Engine Theory, Build, Etc Discussion.

Discussion in 'Engine & Transmission Mods' started by BlkCurrantKord, Oct 15, 2007.

  1. sbanitt13

    sbanitt13 Member

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    Ive been searching and researching trying to find hp/tq specs for a boosted g23 (f23 block, h22 head) but all i can find are na. I plan on building a g23 and boosting it (around 20-25psi)

    Basically here's my question: is 450-500 whp a feasible goal while still being reliable for a boosted g23?
    I plan on forged internals and a built tranny, LSD etc. to support it but i was curious to find out. Also, i live in mn so i dont need to worry about emissions ;)
    Thanks in advance!

    Sent from my SM-G900P using Tapatalk
     
    Last edited: Oct 16, 2015
  2. #SOHCdeezenuttz

    #SOHCdeezenuttz New Member

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    Aloha,

    I been searching the forums for a few minutes. Is there anything that is TUNING SPECIFIC as to what ECU options are out there for boosted F23 accords?

    thanks in advance
     
  3. Bikes

    Bikes Member

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    I've been going over the thread and the other forums but haven't found anything on this:

    I'm going to replace my head gasket in the next little bit and I, having a machinist friend, was wondering if I could mill down the head a couple .001 to increase compression.
    Has anyone done this successfully?
    How much did they take off the head?

    (I've got a f23a1)
     
  4. 604ACCORD

    604ACCORD Well-Known Member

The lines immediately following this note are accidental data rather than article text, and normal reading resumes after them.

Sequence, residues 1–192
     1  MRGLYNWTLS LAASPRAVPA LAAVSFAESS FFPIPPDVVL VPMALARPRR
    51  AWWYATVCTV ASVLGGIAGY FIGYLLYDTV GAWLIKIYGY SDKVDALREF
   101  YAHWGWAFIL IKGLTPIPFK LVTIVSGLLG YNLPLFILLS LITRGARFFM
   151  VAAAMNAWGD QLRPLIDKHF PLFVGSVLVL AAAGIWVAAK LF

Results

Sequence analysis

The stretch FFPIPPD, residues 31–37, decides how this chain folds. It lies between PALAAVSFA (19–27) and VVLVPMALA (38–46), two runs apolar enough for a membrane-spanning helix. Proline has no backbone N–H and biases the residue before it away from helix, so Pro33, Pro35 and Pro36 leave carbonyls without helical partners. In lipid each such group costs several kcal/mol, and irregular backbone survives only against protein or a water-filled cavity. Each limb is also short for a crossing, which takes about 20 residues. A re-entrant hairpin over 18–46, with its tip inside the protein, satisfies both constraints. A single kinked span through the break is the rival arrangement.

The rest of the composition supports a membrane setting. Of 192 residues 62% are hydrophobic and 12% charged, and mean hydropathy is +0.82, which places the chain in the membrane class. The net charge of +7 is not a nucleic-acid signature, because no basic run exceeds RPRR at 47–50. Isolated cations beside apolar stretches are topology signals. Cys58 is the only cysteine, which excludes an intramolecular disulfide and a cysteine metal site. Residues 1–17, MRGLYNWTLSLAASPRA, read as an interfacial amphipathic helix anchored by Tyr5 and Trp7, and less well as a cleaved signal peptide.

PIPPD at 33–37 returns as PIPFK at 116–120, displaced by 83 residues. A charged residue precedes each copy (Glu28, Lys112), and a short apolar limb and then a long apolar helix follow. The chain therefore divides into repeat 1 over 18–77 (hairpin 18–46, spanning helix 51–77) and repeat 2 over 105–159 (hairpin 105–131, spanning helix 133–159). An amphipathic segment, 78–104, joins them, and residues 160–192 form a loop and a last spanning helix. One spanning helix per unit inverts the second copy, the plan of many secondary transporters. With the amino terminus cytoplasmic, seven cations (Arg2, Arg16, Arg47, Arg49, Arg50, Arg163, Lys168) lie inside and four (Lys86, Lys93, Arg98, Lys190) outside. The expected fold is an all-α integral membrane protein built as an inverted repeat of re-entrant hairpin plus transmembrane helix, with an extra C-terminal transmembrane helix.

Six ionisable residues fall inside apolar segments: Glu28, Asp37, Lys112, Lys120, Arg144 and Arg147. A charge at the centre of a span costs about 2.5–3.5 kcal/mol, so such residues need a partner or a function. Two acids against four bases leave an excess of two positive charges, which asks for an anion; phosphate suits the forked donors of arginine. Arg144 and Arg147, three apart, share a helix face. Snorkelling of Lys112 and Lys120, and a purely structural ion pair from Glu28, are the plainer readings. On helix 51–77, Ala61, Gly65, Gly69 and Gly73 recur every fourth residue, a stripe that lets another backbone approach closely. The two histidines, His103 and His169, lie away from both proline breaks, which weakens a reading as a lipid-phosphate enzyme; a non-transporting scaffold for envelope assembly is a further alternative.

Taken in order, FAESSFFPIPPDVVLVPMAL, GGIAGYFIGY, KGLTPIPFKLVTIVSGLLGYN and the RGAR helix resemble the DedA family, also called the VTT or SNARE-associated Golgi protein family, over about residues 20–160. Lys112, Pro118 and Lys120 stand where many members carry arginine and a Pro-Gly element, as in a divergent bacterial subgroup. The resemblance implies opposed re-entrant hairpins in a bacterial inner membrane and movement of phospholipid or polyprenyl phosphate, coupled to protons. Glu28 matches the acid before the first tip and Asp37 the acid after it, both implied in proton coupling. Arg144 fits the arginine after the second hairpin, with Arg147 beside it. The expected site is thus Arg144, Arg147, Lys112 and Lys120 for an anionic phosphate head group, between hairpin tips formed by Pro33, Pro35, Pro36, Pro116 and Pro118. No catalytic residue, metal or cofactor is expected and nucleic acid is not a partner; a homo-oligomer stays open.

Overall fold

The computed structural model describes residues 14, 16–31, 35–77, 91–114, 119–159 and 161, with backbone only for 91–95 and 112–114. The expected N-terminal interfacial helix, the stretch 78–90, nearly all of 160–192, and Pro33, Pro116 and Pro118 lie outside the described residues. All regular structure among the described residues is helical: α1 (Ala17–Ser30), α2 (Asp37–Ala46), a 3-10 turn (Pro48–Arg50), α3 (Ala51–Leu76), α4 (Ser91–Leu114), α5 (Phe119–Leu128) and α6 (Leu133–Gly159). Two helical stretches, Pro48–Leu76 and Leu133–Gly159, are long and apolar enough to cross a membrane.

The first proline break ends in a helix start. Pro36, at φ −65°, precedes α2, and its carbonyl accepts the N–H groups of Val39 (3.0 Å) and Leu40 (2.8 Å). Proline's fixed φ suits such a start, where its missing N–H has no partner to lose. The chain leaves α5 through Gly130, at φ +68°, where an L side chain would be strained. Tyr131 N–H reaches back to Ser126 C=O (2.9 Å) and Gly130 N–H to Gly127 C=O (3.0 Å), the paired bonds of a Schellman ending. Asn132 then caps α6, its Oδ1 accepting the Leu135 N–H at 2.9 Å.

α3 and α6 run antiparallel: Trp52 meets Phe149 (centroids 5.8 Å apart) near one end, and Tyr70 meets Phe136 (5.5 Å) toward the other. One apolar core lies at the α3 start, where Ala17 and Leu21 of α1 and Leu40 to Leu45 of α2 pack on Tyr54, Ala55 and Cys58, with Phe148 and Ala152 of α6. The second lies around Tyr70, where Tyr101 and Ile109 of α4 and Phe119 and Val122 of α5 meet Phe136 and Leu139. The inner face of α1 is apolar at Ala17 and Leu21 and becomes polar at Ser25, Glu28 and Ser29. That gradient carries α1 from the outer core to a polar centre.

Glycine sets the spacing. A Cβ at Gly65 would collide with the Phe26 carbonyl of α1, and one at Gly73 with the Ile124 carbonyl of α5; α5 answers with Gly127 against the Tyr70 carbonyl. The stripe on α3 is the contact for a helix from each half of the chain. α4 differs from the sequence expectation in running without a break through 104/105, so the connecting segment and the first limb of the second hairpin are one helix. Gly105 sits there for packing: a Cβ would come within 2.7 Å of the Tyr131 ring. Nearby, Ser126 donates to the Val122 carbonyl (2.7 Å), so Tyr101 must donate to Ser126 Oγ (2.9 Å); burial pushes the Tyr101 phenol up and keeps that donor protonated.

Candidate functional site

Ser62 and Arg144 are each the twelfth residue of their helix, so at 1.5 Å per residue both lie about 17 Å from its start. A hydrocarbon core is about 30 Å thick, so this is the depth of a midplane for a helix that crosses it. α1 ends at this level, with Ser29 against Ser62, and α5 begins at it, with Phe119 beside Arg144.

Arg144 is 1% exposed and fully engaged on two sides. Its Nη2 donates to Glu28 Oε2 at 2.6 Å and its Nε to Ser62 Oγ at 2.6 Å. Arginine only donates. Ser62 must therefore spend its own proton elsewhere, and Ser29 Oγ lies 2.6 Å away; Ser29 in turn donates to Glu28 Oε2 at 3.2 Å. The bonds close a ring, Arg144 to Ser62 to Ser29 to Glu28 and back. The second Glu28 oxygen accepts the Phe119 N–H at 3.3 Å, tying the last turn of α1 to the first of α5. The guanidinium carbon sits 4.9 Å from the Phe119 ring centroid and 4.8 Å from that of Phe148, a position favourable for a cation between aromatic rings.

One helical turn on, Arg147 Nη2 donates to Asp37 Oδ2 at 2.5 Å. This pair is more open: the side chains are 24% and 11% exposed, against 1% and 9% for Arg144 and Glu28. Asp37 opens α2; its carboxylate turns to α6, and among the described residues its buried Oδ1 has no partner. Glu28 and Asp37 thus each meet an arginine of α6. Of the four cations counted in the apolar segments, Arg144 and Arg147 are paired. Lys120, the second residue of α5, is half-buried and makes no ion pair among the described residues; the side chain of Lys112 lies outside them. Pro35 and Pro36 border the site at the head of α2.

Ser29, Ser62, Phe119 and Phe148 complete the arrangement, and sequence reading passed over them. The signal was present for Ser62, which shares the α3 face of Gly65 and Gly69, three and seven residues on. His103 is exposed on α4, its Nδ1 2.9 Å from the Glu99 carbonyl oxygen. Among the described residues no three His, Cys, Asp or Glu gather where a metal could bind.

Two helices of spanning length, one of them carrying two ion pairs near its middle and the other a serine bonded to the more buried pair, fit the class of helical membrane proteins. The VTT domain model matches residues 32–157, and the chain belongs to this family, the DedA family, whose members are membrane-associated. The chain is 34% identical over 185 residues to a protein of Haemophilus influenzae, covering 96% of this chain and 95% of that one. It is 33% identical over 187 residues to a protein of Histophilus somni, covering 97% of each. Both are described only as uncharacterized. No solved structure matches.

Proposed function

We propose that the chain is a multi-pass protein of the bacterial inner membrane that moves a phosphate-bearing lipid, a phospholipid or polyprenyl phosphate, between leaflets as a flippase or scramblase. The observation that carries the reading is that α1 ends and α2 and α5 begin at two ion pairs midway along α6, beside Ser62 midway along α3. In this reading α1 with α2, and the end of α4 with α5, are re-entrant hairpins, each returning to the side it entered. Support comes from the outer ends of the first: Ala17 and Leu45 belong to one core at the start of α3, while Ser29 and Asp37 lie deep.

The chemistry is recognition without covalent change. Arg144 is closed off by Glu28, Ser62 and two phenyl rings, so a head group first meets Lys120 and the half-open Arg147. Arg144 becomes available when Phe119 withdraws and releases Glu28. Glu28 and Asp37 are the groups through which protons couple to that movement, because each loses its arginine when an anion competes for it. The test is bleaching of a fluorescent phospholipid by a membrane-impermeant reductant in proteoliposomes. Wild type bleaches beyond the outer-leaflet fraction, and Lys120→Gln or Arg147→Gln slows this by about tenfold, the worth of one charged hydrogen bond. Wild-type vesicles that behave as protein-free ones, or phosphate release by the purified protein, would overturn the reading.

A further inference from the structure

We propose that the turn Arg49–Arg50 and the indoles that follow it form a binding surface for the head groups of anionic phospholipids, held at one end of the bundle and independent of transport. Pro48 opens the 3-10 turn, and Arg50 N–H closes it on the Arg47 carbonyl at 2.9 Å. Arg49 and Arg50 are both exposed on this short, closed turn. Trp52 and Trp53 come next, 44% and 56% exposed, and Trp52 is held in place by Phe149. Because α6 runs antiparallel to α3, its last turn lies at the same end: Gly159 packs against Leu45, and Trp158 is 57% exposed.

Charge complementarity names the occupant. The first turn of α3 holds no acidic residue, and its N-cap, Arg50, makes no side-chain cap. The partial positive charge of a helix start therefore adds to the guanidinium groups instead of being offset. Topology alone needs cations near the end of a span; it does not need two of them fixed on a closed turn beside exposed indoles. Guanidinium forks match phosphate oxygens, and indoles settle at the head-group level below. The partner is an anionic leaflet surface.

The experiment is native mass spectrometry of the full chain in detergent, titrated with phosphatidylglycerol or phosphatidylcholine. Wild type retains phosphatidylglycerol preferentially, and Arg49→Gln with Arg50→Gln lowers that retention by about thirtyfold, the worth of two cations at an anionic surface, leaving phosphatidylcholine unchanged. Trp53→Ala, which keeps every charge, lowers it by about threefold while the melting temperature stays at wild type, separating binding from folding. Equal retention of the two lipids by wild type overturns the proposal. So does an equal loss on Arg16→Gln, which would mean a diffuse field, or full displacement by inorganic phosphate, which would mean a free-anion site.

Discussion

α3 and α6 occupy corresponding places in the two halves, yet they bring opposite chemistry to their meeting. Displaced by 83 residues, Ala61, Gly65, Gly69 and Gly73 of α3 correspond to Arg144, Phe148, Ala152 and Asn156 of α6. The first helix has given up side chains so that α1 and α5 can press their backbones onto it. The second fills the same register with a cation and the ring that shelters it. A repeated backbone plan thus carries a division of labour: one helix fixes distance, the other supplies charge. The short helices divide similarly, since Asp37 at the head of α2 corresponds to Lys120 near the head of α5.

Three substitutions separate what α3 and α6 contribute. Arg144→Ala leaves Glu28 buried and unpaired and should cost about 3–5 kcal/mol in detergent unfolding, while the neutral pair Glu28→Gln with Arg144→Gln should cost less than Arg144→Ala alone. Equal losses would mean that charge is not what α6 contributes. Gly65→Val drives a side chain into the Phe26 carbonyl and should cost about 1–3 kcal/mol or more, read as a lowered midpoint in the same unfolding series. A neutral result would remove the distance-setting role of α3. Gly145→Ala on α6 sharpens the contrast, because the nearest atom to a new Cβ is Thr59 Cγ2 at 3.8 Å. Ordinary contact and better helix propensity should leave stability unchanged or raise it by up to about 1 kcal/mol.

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    They would prolly have to do that any way to accept the new gasket
     
  5. SupraGuy

    SupraGuy Well-Known Member

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    Most of the time, when doing an engine build, there is a little bit of milling done to get a good gasket sealing surface.

    In order to determine your new compression ratio, first you get the combustion chamber size:

    First find the combustion chamber size. This can be calculated from the compression ratio, and displacement. It boils down to dividing the displacement by the compression ratio - 1. divide the result by the number of cylinders to get a per cylinder combustion chamber size.

    For the F23A1, that's a CR of 8.8:1 and a displacment of 2254cc, so a total combustion chamber size of 288.97cc or 72.24cc per cylinder.


    Now, change the combustion chamber by the volume you're milling off. Again, the F23A1 has a bore of 86mm, so that's an area of about 58.1 square cemtimeters for the bore. Multiply that by the amount bored from both the block and head. .001" = 0.00254 cm, so that's about 0.15cc per thou.

    So a .01" mill (10 thousands, or .005" each from the block and head -- pretty typical for block and head on a rebuild) on the head and block total would change the combustion chamber size to 70.74 cc. With the displacement (per cylinder) of 563.5cc, that would mean a compression ratio of 8.96:1. ((563.5+70.74)/70.74)

    Take .01" from both the block and head and you get a combustion chamber of 69.24cc, for a compression ratio of 9.14:1 ((563.5+69.24)/69.24)

    Often times, to keep compression rations lower, the Supra guys will go to a thicker head gasket, which increases the combustion chamber volume (particularly after having head and block milled) to allow more boost.

    Therefore, you also much factor in your head gasket thickness when calculating the final compression ratio, for any change from the stock thickness. Many aftermarket head gaskets will be thicker, in order to compensate for the milling of the block and head that will often happen when an engine is rebuilt.

    Anyway, that's how to calculate the change in compression ratio for a milled block and head.
     
    Last edited: Oct 6, 2016
  6. Bikes

    Bikes Member

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    sweet! Thanks man!
     
  7. Rodimus Prime

    Rodimus Prime New Member